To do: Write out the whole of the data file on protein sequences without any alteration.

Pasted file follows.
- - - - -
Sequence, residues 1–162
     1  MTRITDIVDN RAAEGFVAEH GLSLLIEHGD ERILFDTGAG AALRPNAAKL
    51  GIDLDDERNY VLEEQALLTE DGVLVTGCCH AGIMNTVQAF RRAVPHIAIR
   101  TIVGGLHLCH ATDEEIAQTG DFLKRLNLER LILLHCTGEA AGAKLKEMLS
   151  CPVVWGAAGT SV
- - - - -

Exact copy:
Sequence, residues 1–162
     1  MTRITDIVDN RAAEGFVAEH GLSLLIEHGD ERILFDTGAG AALRPNAAKL
    51  GIDLDDERNY VLEEQALLTE DGVLVTGCCH AGIMNTVQAF RRAVPHIAIR
   101  TIVGGLHLCH ATDEEIAQTG DFLKRLNLER LILLHCTGEA AGAKLKEMLS
   151  CPVVWGAAGT SV